• A Daily Options Trading Strategy For High-Flying Stocks [View article]
    Kevin was permanently banned from SA due to abusive comments. I would be very careful trading his "system". Despite numerous requests from many readers, he never provided any examples of live trades.
    May 27 10:39 AM | 1 Like Like |Link to Comment
  • Could This Strategy Be The Holy Grail Of Investing? [View article]
    Agree.. but there is one thing that will be common to all crashes: options IV will explode.

    So lets assume that we are hedging a 100k portfolio with 8 Jan15 188 puts and selling 3 weekly puts against them, which are worth around 7.5k today. Lets assume that the markets crashes by 20%. This hedge will be worth around 20k with IV unchanged. However, if IV jumps to 40% (which is very conservative estimate, in 2008 it reached 60-70%), the hedge will be worth over 25k. If the market continues down, IV will continue to rise. So the hedge will provide at least 5-10% more protection than the market crash.

    So it might not provide 28% return like in 2008 (significant portion of that return was caused by the stock selection), but it's pretty much guaranteed to more than offset the losses from the stocks/ETF portfolio and provide you a positive return when the market crashes. And this makes the whole difference.
    May 12 02:58 AM | Likes Like |Link to Comment
  • A Conservative Options Strategy For Directional Traders [View article]
    The 70% is based on the delta of the short strike and is an APPROXIMATE measure of the probability of expiring worthless, so it's the second case.

    Your calculation is correct, but there are three important factors to consider.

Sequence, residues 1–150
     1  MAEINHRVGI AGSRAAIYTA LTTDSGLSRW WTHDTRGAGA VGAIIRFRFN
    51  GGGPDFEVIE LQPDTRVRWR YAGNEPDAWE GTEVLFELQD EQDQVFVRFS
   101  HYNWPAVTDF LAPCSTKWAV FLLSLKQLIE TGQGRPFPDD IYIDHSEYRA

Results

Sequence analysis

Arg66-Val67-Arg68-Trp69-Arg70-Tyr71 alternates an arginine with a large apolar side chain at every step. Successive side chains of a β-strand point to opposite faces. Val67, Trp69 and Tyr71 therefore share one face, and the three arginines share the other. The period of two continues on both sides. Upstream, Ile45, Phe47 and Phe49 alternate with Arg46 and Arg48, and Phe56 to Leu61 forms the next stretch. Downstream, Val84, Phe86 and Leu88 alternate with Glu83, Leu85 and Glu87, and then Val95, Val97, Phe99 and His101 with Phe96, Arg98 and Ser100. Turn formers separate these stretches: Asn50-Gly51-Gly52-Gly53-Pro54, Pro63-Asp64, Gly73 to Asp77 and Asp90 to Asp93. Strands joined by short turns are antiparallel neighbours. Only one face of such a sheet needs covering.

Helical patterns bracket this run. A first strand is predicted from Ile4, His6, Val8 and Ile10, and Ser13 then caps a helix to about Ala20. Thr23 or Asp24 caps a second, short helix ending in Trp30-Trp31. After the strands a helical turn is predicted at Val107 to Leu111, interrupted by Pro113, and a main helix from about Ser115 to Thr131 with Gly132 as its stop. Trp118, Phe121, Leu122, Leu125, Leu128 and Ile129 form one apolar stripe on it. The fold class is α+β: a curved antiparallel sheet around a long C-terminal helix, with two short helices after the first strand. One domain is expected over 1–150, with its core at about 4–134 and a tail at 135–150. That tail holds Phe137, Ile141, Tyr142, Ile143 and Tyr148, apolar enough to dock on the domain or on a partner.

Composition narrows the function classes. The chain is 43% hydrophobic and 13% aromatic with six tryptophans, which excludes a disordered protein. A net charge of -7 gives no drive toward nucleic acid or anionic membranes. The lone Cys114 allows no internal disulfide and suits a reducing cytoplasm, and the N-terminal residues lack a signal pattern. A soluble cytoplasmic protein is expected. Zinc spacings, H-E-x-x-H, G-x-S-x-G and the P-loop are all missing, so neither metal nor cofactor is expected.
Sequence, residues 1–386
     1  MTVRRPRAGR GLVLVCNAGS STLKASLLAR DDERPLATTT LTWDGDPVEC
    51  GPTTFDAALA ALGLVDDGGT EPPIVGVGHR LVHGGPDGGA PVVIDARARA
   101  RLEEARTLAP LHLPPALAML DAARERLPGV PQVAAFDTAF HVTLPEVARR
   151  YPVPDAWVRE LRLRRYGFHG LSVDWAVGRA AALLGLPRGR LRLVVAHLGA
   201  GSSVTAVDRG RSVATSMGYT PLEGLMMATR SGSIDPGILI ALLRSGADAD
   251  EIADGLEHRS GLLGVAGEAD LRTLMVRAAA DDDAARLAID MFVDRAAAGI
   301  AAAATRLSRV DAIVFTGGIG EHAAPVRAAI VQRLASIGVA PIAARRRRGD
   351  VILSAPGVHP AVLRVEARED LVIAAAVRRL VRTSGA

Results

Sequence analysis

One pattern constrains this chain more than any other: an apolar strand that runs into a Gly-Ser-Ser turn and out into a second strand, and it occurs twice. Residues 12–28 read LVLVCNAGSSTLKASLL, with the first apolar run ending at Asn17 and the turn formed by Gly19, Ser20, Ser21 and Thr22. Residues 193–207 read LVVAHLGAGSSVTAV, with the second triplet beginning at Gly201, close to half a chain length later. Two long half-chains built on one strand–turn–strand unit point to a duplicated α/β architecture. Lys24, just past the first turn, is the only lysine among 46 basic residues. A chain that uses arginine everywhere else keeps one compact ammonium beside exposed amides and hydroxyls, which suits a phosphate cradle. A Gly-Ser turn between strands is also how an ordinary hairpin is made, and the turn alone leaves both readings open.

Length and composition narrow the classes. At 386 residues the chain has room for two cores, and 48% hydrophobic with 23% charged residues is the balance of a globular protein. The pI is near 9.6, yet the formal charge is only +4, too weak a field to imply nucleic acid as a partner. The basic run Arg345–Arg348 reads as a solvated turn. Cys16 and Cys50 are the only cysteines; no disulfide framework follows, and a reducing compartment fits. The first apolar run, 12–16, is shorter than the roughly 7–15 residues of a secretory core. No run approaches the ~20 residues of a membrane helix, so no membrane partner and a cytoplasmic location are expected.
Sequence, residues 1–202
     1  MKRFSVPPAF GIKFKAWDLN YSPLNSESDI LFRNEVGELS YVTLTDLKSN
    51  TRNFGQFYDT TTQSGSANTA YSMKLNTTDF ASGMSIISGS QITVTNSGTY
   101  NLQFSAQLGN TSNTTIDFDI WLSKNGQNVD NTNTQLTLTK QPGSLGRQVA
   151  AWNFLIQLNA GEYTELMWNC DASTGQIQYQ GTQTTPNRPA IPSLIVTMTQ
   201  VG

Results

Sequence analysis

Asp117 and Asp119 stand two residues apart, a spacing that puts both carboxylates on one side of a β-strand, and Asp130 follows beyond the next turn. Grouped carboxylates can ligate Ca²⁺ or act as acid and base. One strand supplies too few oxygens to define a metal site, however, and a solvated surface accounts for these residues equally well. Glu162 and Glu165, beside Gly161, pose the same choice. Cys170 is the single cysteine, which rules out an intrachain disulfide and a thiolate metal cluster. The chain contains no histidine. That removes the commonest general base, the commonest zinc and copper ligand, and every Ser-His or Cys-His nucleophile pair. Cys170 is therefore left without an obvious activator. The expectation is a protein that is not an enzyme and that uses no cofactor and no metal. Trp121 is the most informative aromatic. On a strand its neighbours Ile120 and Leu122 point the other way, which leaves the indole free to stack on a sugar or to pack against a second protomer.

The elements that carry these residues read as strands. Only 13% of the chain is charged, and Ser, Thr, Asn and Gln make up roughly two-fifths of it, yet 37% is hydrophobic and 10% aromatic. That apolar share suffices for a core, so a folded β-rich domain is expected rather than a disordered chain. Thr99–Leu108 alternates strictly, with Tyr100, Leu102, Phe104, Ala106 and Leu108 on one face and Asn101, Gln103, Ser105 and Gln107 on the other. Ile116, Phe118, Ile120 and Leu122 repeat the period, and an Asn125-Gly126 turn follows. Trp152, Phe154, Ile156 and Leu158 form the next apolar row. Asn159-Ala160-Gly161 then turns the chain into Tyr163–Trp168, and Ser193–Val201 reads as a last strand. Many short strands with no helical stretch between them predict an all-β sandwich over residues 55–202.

First, 70% is not the exact number - it could be 71 or 72, which will slightly change the calculation. Second, over time, IV tends to be slightly higher than HV which puts the odds in favor of options sellers. Third and most important, we will not hold till expiration anyway - we will close early for a profit or a loss. So by actively managing the trade, we are increasing the odds.
    May 8 10:50 AM | Likes Like |Link to Comment
  • A Different Way To Hedge With VXX [View article]
    Any strategy following the spike would be considered fairly high risk because you never know if the spike has ended or is it beginning of something bigger. So shorting volatility on any spike would be very risky. I prefer to wait for VIX go below 13 and then go long volatility.
    May 7 09:28 AM | Likes Like |Link to Comment
  • Could This Strategy Be The Holy Grail Of Investing? [View article]
    As we usually roll about one week before expiration, the assignment risk is virtually non-existent. As Reel mentioned, even if assigned, it is not a negative, as you will have fully captured any extrinsic value and you can simply close the position and roll forward.